Conference proceedings play a key role in the dissemination of research results in computer science and electrical engineering. Serving on program committees, reviewing papers, and publishing in proceedings has significant benefits for one’s career as a scientist. In recognition of this, and in order to better track conferences and related scientific activities, in 2018, Crossref and DataCite launched  a Working Group on Persistent Conference IDs and CrossMark for proceedings. Stay tuned for more updates on this vibrant field!

Now it’s your turn! What role do proceedings play in your discipline / publishing program? Are they published as books, journals or proceedings? Could you please share your experience in the comments?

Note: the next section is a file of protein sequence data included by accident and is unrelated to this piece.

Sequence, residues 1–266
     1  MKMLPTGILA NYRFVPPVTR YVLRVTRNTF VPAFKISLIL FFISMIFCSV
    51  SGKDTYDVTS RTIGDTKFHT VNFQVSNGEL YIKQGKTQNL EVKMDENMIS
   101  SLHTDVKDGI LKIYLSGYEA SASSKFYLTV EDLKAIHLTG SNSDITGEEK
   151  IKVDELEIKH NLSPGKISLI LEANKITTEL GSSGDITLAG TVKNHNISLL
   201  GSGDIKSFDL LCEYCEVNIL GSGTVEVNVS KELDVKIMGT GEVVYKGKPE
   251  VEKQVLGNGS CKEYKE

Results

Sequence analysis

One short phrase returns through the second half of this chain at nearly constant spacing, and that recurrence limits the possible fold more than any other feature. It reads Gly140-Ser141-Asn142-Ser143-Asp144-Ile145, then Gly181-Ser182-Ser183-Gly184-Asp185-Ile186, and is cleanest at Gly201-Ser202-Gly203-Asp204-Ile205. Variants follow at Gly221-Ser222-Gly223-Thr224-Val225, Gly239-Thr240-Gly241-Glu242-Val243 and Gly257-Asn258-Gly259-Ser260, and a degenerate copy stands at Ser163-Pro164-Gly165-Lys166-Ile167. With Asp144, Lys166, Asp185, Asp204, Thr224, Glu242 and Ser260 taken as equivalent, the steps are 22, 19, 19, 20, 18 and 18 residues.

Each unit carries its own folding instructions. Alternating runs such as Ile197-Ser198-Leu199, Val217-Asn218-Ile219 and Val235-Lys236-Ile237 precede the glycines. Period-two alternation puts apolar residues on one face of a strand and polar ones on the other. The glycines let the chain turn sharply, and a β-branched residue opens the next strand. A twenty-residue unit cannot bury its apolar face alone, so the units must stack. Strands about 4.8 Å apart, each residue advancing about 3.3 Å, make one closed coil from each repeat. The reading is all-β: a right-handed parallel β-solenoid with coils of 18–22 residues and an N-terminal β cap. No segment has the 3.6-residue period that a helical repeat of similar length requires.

Disclaimer: opinions expressed are my own and do not necessarily reflect that of my employer Springer Nature

Aliaksandr Birukou

Aliaksandr (Alex) Birukou is an Editorial Director at Springer Nature. His team in Computer Science (CS) Editorial publishes the conference proceedings in CS (~850 volumes/year, including the Lecture Notes in Computer Science, LNCS, series).


12 Thoughts on "Guest Post — Everything* You Ever Wanted to Know about Conference Proceedings But Were Afraid to Ask"

Thank you for this. It reminds me of the distinction between research and review journals, which has a fuzzy boundary.